The staff nurses expressed concern over the need for more communication between the faculty members and the staff nurses. Most staff nurses desired more communication and ongoing communication directly from the nursing faculty member.

“Nursing faculty only communicates with the students and in turn the students then communicate with the staff nurses. There is not a lot of direct communication between staff nurses and the nursing faculty.”

“There was more or less no relationship between myself and the faculty member, and in fact, almost zero communication between us, with the student serving as the "go between" in terms of communication.”

Staff nurses expressed concern over needing to learn how to help the students and that every school has very different expectations related to what the students can and should be doing. Some staff nurses stated they worked with three to five schools in one semester.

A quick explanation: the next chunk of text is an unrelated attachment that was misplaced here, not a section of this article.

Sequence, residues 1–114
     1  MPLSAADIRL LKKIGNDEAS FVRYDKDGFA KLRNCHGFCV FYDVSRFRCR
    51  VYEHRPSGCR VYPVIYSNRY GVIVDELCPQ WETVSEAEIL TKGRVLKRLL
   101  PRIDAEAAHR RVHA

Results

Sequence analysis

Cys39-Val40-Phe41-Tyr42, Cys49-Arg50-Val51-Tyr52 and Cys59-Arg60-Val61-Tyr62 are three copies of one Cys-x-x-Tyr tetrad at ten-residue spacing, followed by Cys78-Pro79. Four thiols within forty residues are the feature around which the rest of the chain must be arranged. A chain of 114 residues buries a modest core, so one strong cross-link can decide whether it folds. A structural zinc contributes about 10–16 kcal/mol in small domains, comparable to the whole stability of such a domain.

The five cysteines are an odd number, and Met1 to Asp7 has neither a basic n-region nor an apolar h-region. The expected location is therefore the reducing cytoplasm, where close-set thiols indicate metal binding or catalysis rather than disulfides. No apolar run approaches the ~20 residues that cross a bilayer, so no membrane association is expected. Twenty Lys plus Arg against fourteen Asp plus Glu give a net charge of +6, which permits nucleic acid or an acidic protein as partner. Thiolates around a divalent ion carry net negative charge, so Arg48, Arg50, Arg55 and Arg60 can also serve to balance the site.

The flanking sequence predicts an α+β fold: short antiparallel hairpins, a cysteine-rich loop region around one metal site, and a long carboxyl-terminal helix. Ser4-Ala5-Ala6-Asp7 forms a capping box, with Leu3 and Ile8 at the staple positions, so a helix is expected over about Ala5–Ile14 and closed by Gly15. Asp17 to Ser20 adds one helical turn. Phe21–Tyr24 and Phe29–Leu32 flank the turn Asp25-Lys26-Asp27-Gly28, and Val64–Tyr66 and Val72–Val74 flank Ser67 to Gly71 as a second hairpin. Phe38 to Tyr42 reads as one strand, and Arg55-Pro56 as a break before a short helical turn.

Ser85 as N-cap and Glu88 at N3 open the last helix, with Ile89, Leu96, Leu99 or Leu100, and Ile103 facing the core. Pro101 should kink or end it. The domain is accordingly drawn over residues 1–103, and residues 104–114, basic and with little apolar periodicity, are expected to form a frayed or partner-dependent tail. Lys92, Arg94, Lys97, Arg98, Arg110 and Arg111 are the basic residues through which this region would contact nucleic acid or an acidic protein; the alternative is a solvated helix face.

“Every instructor is very different and their individual expectations for students are often not clearly communicated.”

“I think that communication is a big issue. As a staff nurse we work with different nursing programs all the time, and unfortunately we can count on some schools to do what is expected of them more than others.”

Most of the nursing faculty members expressed how important communication is and how hard it can be to have the open communication they desire.

“Difficult to focus on student learning in the midst of patient care, and communication is an issue as the units are so busy.”

“It is up to me to make sure everyone knows the goals, expectations and skills/competency level of the students they are working with.”

A few nursing faculty members remarked on strategies to improve communication in the units.

“I find that the staff do not know me as well as they could, so I have created a Bios sheet along with pictures to introduce all the clinical faculty to the staff.”

“I make sure to personally introduce myself to the staff nurses who are working with the students that particular day”